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Facebook: Look at the margins, not sales or earnings

Eric Thayer/Reuters

As Facebook shares plummet, market cynicism is focused on declining profit margins.

In quarterly earnings announced Thursday, its sales and profit exceeded analyst expectations. Yet the company continues to experience difficulty converting new users into higher revenues.

Facebook's operating profit margins declined 10 per cent for the quarter to 43 per cent. Average revenue per user, among the most important indicators of future profitability for technology stocks, disappointed analysts at 12.7 per cent for North America.

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"Ad revenue growth was driven by 31 per cent y/y growth in [Monthly Active Users]" writes Credit Suisse analyst Spencer Wang, "and 2 per cent y/y decrease in Advertising per MAU".

CEO Mark Zuckerberg declined to address concerns regarding future profit growth during the corporate conference call, stating "I don't really have any plans that I'm going to share with you today about our product roadmap".

Facebook's aggregate growth remains healthy despite profit concerns. Year over year revenue growth was 32 per cent and Mr. Wang believes that current stock valuations represent longer-term value.

"FB is now trading in-line with our valuation for just the core business", he writes, and this implies "little [value] is being ascribed to new revenue opportunities".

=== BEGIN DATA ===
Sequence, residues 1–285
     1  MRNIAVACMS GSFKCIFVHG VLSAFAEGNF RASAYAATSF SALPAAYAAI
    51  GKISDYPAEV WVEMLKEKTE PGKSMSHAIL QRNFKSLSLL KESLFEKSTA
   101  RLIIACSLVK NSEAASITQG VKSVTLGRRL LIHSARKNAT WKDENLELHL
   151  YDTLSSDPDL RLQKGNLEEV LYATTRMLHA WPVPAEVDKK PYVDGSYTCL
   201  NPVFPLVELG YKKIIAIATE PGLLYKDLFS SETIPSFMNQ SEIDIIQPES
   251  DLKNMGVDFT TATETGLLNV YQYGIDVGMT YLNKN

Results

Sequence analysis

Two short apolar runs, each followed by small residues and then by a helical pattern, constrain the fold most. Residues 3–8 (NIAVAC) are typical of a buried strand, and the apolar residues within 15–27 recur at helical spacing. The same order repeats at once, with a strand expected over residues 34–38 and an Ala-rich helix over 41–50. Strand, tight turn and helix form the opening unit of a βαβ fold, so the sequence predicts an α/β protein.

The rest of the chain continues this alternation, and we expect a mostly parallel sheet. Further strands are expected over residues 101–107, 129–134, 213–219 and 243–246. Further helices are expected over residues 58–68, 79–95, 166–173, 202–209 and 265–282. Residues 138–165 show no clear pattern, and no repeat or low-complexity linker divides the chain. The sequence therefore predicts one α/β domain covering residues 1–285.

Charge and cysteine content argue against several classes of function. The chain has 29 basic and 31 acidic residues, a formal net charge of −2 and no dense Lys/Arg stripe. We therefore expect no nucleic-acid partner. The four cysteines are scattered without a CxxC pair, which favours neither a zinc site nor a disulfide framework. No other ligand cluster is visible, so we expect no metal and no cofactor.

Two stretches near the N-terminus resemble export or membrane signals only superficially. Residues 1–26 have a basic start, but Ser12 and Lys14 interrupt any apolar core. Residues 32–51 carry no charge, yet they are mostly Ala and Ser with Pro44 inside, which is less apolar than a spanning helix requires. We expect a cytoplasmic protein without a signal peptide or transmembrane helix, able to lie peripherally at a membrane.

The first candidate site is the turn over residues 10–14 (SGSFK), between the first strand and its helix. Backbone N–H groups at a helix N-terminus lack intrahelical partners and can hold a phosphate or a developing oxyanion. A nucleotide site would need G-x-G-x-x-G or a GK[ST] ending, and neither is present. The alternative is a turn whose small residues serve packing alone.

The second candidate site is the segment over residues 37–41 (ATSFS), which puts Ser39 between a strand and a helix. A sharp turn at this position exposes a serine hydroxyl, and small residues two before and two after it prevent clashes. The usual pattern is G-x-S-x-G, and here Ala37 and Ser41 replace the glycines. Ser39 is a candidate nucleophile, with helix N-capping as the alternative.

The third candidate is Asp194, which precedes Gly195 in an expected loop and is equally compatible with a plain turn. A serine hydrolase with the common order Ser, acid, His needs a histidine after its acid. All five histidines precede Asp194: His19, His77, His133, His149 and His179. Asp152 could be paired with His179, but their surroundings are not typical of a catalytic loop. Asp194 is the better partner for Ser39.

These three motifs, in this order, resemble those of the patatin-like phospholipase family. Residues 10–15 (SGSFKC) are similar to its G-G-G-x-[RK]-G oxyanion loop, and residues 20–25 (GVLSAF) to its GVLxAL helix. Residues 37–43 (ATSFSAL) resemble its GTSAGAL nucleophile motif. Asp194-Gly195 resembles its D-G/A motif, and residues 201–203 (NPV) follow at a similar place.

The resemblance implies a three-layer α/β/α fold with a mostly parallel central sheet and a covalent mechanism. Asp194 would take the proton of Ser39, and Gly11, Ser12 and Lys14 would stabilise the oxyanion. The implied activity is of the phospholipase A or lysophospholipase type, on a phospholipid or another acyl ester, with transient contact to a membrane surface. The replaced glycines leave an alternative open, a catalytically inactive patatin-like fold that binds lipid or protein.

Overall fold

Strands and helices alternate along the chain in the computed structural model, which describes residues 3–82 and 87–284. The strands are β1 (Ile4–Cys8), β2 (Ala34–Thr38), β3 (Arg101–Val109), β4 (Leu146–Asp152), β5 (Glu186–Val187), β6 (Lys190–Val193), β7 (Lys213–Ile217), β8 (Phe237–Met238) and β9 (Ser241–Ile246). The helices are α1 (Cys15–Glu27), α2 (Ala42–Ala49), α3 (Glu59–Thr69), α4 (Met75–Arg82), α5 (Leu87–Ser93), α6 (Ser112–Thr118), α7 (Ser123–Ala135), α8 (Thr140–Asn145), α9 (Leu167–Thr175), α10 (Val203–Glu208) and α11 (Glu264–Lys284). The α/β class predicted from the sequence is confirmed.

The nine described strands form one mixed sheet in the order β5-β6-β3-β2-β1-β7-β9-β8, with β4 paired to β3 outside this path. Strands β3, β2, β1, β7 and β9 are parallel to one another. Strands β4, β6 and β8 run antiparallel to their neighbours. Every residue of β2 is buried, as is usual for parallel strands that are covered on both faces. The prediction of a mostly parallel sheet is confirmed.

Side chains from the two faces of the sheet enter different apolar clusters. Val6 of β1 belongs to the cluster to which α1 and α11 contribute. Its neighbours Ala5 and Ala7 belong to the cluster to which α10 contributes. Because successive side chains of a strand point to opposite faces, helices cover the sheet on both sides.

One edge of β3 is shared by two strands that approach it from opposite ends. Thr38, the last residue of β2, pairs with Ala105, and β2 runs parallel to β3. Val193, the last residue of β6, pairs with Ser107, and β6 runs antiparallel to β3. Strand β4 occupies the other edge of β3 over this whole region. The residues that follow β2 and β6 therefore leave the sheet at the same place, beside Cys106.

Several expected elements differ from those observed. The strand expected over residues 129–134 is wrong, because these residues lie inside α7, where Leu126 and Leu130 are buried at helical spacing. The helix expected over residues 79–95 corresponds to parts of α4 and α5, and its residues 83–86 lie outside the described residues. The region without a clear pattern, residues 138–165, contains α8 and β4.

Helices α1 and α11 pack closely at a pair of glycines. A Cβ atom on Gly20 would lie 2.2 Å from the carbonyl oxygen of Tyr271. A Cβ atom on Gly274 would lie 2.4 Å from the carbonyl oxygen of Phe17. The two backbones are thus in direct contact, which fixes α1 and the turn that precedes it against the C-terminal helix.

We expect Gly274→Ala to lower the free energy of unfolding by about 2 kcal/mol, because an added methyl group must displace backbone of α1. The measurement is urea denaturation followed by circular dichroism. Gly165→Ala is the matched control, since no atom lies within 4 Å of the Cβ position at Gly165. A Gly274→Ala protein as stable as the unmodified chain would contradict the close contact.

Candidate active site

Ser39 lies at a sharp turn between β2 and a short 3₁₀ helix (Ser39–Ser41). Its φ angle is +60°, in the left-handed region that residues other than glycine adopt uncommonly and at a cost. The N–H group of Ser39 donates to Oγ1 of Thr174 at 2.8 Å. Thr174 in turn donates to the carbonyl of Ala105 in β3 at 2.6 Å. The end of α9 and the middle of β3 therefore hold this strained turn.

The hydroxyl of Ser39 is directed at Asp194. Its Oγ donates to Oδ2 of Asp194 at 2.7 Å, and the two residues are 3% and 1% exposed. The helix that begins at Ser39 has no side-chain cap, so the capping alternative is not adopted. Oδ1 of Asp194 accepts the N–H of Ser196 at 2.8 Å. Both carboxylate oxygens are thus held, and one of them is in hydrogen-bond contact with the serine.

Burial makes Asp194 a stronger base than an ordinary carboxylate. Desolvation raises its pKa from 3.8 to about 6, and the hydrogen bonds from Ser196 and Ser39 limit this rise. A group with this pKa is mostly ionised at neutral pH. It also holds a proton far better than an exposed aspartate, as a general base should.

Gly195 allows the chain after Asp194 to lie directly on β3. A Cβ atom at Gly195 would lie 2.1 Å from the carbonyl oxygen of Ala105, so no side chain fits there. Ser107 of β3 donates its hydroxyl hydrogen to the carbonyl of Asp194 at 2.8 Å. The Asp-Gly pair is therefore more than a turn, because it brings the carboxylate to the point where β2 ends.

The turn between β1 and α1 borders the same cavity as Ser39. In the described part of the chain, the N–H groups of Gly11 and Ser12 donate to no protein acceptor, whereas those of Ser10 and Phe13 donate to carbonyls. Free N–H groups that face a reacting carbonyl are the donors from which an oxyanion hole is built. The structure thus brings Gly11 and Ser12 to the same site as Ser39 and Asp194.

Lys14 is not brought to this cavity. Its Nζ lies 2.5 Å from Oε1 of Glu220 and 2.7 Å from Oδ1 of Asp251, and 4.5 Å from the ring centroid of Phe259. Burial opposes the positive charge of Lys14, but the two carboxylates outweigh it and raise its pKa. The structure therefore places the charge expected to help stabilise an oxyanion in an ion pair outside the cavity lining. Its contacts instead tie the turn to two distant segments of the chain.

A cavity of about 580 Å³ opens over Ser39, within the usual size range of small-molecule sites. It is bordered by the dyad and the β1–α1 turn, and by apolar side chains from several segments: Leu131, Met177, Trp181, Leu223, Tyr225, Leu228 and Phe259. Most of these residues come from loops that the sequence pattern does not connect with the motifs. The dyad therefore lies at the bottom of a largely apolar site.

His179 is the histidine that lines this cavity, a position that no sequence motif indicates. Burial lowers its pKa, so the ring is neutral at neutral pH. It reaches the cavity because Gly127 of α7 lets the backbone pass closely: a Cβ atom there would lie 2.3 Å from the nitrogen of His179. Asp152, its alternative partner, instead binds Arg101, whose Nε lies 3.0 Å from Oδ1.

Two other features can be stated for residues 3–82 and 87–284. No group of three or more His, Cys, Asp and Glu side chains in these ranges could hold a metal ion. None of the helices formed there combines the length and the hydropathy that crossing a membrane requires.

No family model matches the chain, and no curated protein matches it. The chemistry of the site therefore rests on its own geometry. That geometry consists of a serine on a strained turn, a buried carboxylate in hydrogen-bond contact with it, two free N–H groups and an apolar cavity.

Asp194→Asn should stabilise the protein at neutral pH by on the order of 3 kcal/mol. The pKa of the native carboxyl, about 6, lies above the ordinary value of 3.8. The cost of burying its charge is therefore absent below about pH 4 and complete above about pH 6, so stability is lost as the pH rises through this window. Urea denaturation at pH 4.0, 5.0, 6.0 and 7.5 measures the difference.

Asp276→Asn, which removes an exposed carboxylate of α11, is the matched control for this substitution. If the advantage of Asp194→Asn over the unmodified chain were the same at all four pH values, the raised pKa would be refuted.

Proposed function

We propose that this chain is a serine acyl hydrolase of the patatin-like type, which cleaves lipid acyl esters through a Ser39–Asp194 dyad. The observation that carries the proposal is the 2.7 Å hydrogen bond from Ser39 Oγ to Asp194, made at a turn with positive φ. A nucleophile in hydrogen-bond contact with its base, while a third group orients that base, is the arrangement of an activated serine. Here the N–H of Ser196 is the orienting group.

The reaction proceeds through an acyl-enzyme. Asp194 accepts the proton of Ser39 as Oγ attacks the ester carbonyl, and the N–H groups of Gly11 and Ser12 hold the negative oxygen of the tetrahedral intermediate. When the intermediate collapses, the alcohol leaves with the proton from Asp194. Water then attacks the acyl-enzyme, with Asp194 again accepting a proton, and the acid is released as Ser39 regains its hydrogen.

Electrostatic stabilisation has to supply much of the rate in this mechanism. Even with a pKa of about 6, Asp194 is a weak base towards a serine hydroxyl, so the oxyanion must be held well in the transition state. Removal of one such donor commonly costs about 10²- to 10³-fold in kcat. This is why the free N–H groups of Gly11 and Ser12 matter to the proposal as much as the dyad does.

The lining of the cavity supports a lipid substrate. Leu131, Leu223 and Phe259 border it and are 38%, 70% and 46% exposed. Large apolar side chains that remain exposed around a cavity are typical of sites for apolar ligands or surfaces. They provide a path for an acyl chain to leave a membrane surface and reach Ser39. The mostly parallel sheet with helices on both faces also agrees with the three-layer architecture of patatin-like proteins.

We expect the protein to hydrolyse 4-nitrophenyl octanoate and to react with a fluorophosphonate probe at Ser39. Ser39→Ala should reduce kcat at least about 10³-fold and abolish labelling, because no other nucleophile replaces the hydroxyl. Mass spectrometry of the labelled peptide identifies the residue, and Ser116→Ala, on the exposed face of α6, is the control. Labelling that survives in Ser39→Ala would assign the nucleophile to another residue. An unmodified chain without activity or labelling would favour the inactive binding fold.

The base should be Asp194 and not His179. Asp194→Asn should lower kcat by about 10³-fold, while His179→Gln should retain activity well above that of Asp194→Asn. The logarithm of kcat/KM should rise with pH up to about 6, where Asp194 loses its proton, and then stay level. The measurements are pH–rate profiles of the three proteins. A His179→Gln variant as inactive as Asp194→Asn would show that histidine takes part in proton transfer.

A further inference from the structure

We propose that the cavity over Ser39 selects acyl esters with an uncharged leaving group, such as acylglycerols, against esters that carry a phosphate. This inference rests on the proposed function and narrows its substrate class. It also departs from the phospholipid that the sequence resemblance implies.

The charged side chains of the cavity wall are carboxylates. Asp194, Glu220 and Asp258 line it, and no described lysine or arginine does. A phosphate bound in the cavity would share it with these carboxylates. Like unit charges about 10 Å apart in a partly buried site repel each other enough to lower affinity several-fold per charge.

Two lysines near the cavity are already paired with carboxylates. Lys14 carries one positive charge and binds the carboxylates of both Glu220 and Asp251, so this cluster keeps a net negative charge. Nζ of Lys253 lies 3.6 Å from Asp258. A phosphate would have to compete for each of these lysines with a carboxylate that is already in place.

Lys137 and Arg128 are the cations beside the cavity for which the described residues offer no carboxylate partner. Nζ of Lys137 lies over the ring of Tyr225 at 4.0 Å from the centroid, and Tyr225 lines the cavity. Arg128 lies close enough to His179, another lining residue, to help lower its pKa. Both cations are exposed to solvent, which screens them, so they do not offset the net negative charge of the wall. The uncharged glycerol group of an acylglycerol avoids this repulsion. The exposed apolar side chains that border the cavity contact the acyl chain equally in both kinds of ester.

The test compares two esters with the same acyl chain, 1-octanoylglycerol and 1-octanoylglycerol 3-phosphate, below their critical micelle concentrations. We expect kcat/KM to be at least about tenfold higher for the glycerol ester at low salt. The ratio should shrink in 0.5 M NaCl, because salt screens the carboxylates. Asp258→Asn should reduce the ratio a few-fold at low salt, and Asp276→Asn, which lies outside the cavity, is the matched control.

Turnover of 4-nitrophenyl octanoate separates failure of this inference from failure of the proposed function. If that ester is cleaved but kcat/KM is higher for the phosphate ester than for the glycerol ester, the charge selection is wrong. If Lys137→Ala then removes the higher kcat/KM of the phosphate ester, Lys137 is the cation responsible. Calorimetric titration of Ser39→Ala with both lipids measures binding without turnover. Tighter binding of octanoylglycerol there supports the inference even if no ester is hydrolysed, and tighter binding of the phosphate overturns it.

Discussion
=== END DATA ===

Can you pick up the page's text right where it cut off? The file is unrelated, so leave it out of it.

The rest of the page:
Mr. Wang is hesitant about the short-term outlook, noting that the company's shift to mobile revenue sources is in the early stages. Management reported success with recent mobile advertising strategies, but also noted that the initiative will proceed slowly in order to avoid offending users.

Facebook's results continued a difficult week for the technology sector which also saw disappointing profits from Apple Inc. and Zynga, an online gaming company with close associations to Facebook, yesterday fell almost 40 per cent after reporting weak growth.

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About the Author
Market Strategist

Scott Barlow is The Globe's in-house market strategist. He is a 20-year veteran of Canadian investment banks, including Merrill Lynch Canada, CIBC Wood Gundy and Macquarie Private Wealth (MPW). He was a highly ranked mutual fund analyst for 10 years and then, most recently, the head of a financial adviser support team at MPW. More


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